The Willows derives its horror from nature resulting in an utmost uncanny masterpiece.
The Willows is a short story written by Algernon Blackwood, whose interest in nature translates into a unique view on horror which makes the natural creepy, scary and uncanny. Combined with the supernatural that transcends our own consciousness and even our human existence, results in weird fiction that is visceral and doesn’t even scratch the surface of what horrors you may find lying beneath.
An unnamed English narrator and his Swedish friend are peddling down the Danube in a small canoe. When they arrive in Hungary, the river gets more wild and secluded. When they land on a small island covered in willow bushes strange things start happening, especially at night.
Why you should read it
The story is an eerie tale about what nature can hide from us. The beautiful descriptions of nature leaves the narrator and the reader in awe. But the grandeur of nature can be frightful as well, when being all alone isolated from civilization. The adventurous trip soon turns into a foreboding ominous atmosphere.
The narrator tells the story to us readers, intimately taking us with him on his nightly investigations on the small island to witness something that is as scary as is wonderful. While he holds on to his own rational thoughts and explanations it soon proves to be inexplicable. Their situation is a peculiar paradox, not knowing will make them vulnerable victims of the unknown presence, but them knowing about those entities will surely expose them.
Although the story plays out in nature, in an open space, it’s a very claustrophobic story full of tension. The rising water, the small island and the pitch black night give the serene environment suddenly a dangerous feel. Serene vastness turns into ominous loneliness.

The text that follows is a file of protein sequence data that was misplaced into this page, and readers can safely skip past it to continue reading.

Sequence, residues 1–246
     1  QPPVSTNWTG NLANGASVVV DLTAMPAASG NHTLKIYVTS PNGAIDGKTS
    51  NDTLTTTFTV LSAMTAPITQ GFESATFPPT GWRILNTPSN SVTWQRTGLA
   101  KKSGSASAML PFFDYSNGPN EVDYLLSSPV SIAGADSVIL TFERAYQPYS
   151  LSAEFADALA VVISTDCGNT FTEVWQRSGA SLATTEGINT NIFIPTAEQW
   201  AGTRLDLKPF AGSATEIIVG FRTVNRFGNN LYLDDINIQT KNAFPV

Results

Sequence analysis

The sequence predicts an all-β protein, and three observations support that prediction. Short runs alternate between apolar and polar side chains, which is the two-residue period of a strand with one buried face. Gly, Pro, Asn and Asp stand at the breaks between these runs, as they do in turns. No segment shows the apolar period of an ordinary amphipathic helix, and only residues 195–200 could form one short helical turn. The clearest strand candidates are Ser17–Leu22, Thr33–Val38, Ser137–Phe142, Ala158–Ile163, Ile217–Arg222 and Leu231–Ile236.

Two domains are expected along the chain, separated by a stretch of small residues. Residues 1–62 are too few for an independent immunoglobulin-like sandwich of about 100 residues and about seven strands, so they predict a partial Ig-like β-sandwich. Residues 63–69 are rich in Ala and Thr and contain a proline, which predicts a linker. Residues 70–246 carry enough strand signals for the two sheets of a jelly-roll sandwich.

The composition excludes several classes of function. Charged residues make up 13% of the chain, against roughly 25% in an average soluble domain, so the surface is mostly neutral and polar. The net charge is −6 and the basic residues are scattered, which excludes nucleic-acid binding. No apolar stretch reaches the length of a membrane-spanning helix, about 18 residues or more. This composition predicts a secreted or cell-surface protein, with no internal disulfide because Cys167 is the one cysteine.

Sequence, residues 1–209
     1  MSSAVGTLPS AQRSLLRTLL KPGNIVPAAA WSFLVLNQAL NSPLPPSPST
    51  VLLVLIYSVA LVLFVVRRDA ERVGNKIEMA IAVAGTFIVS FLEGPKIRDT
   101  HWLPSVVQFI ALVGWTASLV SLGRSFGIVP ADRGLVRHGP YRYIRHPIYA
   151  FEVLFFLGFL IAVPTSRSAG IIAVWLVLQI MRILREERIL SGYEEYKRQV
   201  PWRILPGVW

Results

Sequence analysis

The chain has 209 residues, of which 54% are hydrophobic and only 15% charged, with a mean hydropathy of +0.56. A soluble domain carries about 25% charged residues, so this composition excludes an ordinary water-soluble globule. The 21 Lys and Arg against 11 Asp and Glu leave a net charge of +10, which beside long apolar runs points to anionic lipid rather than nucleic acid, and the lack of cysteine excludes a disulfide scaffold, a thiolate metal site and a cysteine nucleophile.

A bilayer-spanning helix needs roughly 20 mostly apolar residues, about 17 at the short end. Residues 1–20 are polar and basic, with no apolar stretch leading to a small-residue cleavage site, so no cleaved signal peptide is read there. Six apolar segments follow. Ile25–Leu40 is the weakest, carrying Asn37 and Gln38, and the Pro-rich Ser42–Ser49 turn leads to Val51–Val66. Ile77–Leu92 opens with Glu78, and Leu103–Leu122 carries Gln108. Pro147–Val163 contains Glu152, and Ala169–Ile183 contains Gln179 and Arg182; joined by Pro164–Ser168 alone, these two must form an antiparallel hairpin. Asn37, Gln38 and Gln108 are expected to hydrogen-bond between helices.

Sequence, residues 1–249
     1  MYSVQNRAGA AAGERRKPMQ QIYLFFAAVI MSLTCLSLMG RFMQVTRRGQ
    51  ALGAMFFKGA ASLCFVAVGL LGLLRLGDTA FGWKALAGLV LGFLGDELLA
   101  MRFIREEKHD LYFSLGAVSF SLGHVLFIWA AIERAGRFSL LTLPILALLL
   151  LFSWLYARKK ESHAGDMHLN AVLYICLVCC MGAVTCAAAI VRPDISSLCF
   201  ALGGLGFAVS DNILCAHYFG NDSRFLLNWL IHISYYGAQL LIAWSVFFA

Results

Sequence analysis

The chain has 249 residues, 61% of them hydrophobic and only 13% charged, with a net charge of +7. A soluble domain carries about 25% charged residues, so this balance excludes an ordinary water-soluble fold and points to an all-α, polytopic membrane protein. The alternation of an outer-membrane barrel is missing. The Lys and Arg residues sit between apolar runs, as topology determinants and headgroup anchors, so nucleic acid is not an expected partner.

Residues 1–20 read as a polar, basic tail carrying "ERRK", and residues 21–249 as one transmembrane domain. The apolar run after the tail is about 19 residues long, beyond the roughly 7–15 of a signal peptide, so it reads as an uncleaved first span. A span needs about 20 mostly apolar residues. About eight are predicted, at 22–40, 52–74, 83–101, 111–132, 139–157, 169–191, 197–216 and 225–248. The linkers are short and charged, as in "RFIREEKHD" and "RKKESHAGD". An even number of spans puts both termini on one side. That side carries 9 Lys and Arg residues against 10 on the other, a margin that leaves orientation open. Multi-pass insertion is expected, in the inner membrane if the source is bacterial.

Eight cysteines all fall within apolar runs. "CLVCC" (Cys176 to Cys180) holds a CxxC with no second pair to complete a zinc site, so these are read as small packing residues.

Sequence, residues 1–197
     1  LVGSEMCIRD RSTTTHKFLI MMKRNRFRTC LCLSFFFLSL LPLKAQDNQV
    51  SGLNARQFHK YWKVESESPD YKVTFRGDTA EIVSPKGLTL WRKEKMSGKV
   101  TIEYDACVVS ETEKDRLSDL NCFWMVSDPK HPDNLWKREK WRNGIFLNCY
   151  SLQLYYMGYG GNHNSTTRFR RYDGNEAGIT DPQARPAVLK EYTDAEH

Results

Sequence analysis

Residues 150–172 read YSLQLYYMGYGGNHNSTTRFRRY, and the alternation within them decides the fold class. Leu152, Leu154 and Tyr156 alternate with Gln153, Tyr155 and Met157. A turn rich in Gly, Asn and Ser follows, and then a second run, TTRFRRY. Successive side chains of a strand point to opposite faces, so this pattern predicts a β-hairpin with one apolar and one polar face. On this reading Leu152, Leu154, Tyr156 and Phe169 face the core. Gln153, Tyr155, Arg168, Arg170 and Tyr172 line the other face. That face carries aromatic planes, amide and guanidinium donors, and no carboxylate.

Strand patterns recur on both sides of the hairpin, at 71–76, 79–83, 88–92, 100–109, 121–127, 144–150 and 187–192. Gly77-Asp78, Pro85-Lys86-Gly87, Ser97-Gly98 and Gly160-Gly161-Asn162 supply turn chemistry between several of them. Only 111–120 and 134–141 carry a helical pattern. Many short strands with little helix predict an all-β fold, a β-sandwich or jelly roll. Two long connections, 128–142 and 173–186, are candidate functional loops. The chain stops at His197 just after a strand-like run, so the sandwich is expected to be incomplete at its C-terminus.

The story has a structure that increases the tension and suspense and eeriness with each new discovery or small incident. It’s a horror story that combines weird fiction and psychological tension that ultimately will seize you, and crawls under your skin, to rustle up some ominous feelings just like the willows.
My favorite part
The best part is when the narrator sees something he just can’t believe. It’s the epiphany that rational thought isn’t always superior to the ways of nature and what lies beyond our little earth. The unknown, and what is out there, the lack of understanding and inability to control it, is what scares him the most. It is therefore an intelligent horror story that not only addresses our deepest emotional fears but our rational fears as well.
A favorite quote
These willows never attain to the dignity of trees; they have no rigid trunks; they remain humble bushes, with rounded tops and soft outline, swaying on slender stems that answer to the least pressure of the wind; supple as grasses, and so continually shifting that they somehow give the impression that the entire plain is moving and alive.
“When common objects in this way become charged with the suggestion of horror, they stimulate the imagination far more than things of unusual appearance; and these bushes, crowding huddled about us, assumed for me in the darkness a bizarre grotesquerie of appearance that lent to them somehow the aspect of purposeful and living creatures.”
Scare factor: ★★★★☆
Surreal factor: ★★★☆☆
Originality factor: ★★★★★
The Willows is written by Algernon Blackwood and first published in The Listener and Other Stories in 1907. It has been published since then many times. It consists of 30-105 pages, it varies with each publication.